The way that mainstream news outlets engage with Tucker Carlson has fallen into a predictable cycle. The host of Fox News’s flagship opinion program will say something outrageous on his nightly program—perhaps he will disparage immigrants in gross and inflammatory ways, or attack the public health consensus on Covid-19. Maybe he’ll offer a tortured array of alternate hypotheses for how Black people are killed by police. Whatever content is on offer, the reaction is always the same.
First, of course, comes the outrage—particularly among liberals, but also among his media peers or political commentators. Media Matters’ rapid-response clips of Carlson’s remarks are distributed on social media. Tweets are sent; columns are written; boycotts are urged. In the instances where Carlson addresses the controversy, he invariably doubles down on it. But more often than not, he simply breezes past the momentary surge of opprobrium. His critics, realizing they’ve been duped, start ignoring him again. Then he says something else, and the cycle begins anew.
It’s clear by now that Carlson doesn’t actually have anything interesting or original to contribute to American public discourse. His against-type ideas—a post-Iraq skepticism of foreign military intervention, an aversion to traditional GOP economic orthodoxy—are hardly novel these days, and they’re nothing he came up with on his own. Besides, his heterodox positions are hardly his greatest priority. Some news outlets have tried to cast Carlson as a populist provocateur or a speaker of unspoken truths. The reality is that he’s become something else: incredibly boring.
What does Carlson actually believe? He is not subtle about it. He argues that immigrants make America “dirtier” and “poorer.” He criticizes politicians for praising diversity and suggests that it weakens the country. He often portrays the rioters who attacked the Capitol on January 6 in sympathetic terms while framing the Black Lives Matter movement almost exclusively in terms of violent unrest and civil disorder. He thinks white supremacy is a “hoax” and denounced President Joe Biden’s calls to fight it at the inauguration as nothing but a stealth plot to persecute conservatives. There is no mystery here.
Other prominent racists see Carlson as their champion. He has received praise from Klansmen and neo-Nazis like David Duke and Andrew Anglin, the latter of whom called Carlson “literally our greatest ally.” Derek Black, the estranged son of a prominent white-nationalist leader, said in 2019 that his family watches Carlson to hone their messaging strategy. But in media circles, Carlson’s bigotry was often treated as a curiosity or an eccentricity in the early Trump years. My colleague Nick Martin, who wrote about this phenomenon in 2019, noted that view-from-nowhere journalism tends to result in reporting that “launder[s] the extremity of [its] subjects.”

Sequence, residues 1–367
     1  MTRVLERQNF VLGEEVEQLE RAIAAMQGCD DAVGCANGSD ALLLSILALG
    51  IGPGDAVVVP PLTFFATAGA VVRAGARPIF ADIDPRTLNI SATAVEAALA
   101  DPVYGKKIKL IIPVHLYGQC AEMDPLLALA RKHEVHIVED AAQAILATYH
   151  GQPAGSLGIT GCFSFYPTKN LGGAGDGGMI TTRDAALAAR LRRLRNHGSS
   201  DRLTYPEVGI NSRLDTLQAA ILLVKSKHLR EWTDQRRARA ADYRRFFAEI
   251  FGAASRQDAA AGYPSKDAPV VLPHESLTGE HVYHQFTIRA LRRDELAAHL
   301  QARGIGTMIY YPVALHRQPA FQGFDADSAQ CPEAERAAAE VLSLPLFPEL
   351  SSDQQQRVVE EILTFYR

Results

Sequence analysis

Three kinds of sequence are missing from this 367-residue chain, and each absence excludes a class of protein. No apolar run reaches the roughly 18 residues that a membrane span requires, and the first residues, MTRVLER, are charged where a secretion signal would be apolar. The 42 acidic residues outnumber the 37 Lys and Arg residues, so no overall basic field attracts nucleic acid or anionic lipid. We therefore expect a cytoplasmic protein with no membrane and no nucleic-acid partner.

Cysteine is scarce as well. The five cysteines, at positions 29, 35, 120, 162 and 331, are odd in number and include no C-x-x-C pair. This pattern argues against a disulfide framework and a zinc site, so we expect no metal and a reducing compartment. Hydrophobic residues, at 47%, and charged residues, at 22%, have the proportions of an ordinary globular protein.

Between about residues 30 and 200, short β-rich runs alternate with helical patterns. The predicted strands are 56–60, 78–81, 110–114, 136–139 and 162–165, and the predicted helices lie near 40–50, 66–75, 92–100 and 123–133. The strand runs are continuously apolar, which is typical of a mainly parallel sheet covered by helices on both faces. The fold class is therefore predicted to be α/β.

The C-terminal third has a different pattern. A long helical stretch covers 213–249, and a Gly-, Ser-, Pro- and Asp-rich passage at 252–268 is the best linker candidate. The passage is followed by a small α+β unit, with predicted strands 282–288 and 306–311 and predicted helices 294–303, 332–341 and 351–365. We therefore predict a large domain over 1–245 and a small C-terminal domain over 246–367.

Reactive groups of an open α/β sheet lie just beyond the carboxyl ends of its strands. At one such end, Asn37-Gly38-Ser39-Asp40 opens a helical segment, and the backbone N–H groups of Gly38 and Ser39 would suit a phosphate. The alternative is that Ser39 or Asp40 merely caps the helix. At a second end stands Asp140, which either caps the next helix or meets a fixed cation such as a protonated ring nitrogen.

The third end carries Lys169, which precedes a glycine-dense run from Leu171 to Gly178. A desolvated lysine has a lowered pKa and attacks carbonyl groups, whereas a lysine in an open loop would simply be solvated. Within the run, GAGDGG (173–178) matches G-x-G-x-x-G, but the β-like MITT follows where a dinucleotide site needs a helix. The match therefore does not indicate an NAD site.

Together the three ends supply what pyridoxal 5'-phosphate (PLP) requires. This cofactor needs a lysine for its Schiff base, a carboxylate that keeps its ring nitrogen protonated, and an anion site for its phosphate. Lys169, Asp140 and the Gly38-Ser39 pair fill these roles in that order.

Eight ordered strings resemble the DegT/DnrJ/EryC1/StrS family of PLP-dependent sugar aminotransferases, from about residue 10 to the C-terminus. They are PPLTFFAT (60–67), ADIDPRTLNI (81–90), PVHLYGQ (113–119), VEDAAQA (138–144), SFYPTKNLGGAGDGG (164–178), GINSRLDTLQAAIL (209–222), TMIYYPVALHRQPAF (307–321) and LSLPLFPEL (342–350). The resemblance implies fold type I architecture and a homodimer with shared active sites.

Carlson’s biggest problem is that bigotry is not actually that interesting. In addition to its moral repugnance, overt racism is among the dullest and least interesting views that one can hold in American life. Debating or discussing bigotry on its own terms is ethically untenable since it suggests that there might be some inherent truth in it. Racist views can’t even claim value from scarcity: Instead of watching Carlson’s broadcast each night, you can get similar perspectives by casually browsing 4chan and other racist forums. Carlson is the retail version of a worldview that can be purchased at wholesale. In fact, one of Carlson’s former writers regularly trawled and took part in such forums, where he posted a staggering amount of racist and misogynistic vitriol and retrieved material for Carlson’s use.
What’s more, unvarnished racism is a difficult sell in modern American society. Large segments of the country still impose social and civic consequences on people who espouse nakedly racist views in public. Those who wish to do so must adopt a strategy to deflect from this potential blowback. Some, like Donald Trump, mix it with bombast and theatricality. This forces their critics to argue against absurd propositions, like building a wall and making Mexico pay for it, instead of tackling the underlying substance.
Another tactic is to cast oneself as a brave truth-teller of sorts, someone who’s willing to say what “they” don’t want you to hear. That way, when society’s civic antibodies kick in, the speaker can invoke “cancel culture” or “political correctness” or something similar. To elide their self-interest in this tactic, the speaker also often suggests that the listener is really “their” true target, creating a sense of shared grievances where none may necessarily exist. “When was the last time you stopped yourself from saying something you believed to be true for fear of being punished or criticized for saying it?” Carlson wrote in Politico in 2016. “If you live in America, it probably hasn’t been long.”